Garden Folklore That Works,
by Charlie Ryrie;
Ryrie's book is a compendium of myth, magic and folk wisdom handed over the garden fence, with the hope that if it has lasted this long, there must be something to it. Lay a rope on the planting bed and your neighbour's cat will stay out of it. (Cats think ropes are snakes.) And did you know that the shape of asparagus indicates a potential aphrodisiac?
Much is in a name, and buried in this title is the key word “tips.” Gardeners love little nuggets of information, especially those passed along with a wink and a nudge.
Reading a book of tips is entertaining and sometimes offers information you can really use. For example, there's practical advice on lifting snowdrops and concocting hormone-laced willow water for transplants. And there are lists of plants that thrive in acid and alkaline soils and blossoms that attract hummingbirds. The book also includes recipes for potting soil and kitchen-made insect repellents.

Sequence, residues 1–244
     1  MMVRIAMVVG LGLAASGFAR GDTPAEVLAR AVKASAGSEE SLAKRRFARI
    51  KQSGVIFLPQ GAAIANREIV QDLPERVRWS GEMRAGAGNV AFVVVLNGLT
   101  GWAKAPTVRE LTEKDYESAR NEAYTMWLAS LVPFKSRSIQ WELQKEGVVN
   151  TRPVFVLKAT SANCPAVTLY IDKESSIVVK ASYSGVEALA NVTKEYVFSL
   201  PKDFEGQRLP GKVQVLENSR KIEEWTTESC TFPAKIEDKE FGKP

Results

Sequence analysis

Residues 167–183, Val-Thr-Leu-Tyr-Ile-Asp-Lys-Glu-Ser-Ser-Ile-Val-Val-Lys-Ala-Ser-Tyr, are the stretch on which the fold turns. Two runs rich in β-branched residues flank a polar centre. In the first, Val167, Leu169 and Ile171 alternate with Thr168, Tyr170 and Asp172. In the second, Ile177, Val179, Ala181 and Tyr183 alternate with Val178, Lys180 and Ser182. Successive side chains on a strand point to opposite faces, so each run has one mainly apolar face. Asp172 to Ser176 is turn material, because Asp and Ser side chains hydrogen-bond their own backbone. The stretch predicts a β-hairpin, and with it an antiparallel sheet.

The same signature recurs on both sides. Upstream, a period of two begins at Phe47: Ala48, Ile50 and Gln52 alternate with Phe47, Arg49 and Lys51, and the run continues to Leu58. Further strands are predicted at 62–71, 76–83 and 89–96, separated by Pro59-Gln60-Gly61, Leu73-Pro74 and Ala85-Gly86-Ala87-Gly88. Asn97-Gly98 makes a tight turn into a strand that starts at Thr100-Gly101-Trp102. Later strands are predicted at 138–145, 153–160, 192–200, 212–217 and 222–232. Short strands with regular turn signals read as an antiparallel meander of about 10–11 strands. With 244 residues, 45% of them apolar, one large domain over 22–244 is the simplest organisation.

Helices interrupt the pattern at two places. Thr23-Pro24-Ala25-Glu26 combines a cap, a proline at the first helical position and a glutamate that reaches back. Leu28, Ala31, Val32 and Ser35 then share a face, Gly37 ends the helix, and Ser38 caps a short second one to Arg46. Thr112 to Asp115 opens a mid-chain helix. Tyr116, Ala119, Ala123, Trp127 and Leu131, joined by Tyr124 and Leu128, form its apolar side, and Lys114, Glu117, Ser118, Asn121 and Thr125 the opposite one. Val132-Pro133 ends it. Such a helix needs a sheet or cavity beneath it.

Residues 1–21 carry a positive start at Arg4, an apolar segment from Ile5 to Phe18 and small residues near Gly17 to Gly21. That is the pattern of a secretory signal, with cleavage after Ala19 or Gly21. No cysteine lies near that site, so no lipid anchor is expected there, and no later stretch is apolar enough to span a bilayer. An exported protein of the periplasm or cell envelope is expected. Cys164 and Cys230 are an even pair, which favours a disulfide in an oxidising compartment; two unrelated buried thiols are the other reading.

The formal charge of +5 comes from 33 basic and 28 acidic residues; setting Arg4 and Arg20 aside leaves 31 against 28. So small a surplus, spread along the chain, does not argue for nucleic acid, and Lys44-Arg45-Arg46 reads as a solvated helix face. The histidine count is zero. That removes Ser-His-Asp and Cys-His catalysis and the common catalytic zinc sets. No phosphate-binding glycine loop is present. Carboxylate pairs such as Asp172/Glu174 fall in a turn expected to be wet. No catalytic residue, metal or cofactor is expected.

It's smart to read Reader's Digest's comprehensive disclaimer, however. Some tips may not work, for instance the make-it-yourself weeper hose (unlikely to leak sufficient water). Other tips could cause plant problems. (Keeping the lawn cut low to discourage slugs results in a weakened lawn.)
One tip might do you serious injury. (Attempting to remove pesticides from sprayed grass clippings through composting.) So take a tip from the publisher and read for enjoyment, but practise with caution.
-- Judith Adam